CHEERLEADING is set to become an Olympic sport.
So give me a ‘W’. Give me a ‘T’.
And, please … give me an ‘F’.
For just when you thought Olympic officialdom could open its arms no wider — having already embraced surfing, skateboarding, even rock climbing for Tokyo 2020 — the IOC yesterday went and bestowed provisional recognition on cheerleaders.
So again: W-T-F.
For yes, yes, yes, we understand, internationally, cheerleading is far more than pompoms, popping cleavage and a pathway to the Miss Universe pageant.
In America alone this year, some 3.5 million participants jumping, flipping, tumbling in a sport whose world championships are covered by ESPN.
Of all “catastrophic” injuries suffered by female athletes in the US annually, more than half belong to cheerleaders — whose long list of trauma includes skull fractures, paralysis, brain injuries, even death.
Indeed, with participants continually looking to push the boundaries of acrobatic excess, this once-tame pursuit now sees concussion account for almost 40 per cent of total injuries.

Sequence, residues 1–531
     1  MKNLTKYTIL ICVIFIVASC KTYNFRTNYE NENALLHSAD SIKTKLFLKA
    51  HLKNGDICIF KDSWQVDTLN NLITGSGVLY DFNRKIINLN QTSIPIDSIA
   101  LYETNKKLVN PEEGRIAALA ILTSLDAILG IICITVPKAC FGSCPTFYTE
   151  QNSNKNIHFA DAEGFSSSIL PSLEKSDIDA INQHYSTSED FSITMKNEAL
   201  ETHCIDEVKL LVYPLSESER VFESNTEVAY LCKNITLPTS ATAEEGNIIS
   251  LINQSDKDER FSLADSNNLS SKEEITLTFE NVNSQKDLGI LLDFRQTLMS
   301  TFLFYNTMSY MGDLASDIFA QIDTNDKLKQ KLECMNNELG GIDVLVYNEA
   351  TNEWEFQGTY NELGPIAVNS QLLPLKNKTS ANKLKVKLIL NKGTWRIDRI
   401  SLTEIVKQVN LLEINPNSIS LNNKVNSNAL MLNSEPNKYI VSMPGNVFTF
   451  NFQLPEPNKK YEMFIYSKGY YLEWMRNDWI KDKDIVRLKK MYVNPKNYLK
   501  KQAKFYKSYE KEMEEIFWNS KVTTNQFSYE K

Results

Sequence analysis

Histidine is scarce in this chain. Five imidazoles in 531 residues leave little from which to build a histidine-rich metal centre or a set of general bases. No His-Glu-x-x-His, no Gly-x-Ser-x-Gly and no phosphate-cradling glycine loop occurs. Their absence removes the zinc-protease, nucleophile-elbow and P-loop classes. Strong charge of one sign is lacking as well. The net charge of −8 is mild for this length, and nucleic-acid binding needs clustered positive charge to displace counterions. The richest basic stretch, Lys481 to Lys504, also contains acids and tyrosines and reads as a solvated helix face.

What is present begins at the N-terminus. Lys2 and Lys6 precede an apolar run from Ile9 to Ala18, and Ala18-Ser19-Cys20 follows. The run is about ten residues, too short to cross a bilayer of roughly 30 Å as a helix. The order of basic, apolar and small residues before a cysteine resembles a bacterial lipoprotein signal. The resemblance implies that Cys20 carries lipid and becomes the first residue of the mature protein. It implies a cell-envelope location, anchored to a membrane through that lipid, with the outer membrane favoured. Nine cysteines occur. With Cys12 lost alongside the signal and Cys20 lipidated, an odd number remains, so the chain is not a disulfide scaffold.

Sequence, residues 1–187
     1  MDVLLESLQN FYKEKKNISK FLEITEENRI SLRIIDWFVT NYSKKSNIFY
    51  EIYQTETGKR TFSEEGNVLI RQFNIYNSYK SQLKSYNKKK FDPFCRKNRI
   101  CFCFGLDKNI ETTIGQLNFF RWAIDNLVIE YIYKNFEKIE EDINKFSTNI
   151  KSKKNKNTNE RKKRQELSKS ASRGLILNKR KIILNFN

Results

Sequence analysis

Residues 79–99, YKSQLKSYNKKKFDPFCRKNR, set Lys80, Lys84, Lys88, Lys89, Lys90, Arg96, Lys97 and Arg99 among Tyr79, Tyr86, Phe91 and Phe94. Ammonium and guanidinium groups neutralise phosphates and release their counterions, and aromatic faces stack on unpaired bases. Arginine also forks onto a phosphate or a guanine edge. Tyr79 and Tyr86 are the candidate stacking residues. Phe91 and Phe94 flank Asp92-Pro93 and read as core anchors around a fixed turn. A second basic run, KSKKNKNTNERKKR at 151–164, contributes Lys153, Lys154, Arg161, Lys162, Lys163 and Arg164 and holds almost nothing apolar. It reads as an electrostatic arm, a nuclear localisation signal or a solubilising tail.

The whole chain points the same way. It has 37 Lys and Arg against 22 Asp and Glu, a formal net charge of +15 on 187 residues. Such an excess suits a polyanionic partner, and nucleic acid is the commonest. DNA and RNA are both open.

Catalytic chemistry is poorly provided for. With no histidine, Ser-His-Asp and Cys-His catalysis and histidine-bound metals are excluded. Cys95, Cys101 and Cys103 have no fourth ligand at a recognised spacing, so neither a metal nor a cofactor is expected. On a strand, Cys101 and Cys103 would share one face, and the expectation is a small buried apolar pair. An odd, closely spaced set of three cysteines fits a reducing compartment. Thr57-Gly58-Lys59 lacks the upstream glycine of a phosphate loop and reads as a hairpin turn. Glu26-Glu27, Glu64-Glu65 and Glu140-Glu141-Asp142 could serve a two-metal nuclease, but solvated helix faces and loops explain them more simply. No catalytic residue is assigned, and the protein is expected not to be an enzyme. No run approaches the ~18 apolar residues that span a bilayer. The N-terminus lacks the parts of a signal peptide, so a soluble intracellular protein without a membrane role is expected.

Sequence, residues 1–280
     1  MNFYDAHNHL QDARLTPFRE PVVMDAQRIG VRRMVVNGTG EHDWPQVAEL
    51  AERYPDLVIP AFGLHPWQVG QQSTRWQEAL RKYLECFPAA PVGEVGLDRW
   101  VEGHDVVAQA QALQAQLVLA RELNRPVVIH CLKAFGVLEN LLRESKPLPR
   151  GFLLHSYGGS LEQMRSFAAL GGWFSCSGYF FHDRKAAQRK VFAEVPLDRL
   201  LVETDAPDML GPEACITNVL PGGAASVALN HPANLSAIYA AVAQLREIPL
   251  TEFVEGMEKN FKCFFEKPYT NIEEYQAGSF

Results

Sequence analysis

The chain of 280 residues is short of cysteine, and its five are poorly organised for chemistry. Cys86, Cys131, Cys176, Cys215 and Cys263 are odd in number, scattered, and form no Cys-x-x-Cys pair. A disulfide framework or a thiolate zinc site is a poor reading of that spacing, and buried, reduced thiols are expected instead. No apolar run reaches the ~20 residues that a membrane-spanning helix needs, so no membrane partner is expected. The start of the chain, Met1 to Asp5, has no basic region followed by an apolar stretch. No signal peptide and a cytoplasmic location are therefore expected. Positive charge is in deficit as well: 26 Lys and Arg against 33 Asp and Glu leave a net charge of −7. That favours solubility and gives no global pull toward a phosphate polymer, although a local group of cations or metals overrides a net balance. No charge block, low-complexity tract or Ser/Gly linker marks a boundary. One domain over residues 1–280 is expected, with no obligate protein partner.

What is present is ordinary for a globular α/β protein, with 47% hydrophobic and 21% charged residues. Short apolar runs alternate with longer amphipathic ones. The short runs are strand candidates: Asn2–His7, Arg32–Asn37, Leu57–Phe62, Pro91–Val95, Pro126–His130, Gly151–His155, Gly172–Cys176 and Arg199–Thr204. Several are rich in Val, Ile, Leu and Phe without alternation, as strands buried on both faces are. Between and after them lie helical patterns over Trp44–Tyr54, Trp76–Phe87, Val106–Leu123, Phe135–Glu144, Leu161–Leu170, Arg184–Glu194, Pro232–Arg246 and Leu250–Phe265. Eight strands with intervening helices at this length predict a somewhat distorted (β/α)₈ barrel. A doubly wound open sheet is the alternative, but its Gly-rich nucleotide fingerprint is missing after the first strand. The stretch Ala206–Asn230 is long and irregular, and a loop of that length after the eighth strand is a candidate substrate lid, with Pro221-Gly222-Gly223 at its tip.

But still, the Olympics?
And a time when genuine sporting pursuits — think cricket, netball, even squash — are left to watch on, uninvited, from the sidelines.
So forget faster, stronger, higher. How about bustier, bubblier, blonder?
For undoubtedly, this is what the IOC now wants.
Officialdom seemingly fixated on events which — like BMX and beach volleyball previously — will bring new eyes, and younger eyes, to Olympic broadcasts.
Indeed, on the same day it put Jennifer Hawkins in the same club as Usain Bolt, the IOC announced Muay Thai would also receive provisional recognition.
Which is a real coup for fight fans.
Especially those wanting UFC megastars like Conor McGregor to one day compete for Olympic gold.
But what should Joe Public make of this undeniable grab for beauty and violence? And what now constitutes an Olympic sport?
After all, it was only recently that the IOC wanted wrestling gone. A sin equivalent to saying, hey, maybe we just go with four coloured rings.
Elsewhere, professional boxers have been allowed in. Softball thrown out.
And what worth is a golfing gold medal given, in its first Games appearance since 1904, US star Jordan Speith was among 17 top-rankers who brushed Rio?
And now, cheerleading — which needs only survive its three-year provisional recognition period before applying to become part of the Games program.
Oh yeah, they also get $25,000 in IOC funding. That, and access to programs including athlete development and anti-doping.
Yet still, all may not be lost for Aussie sports fans.
Especially after a recent report into the Olympic Games’ future confirmed that, yes, there would be a shift from “sport-based” programs to those which are “event-based”.
Thong throwing anyone?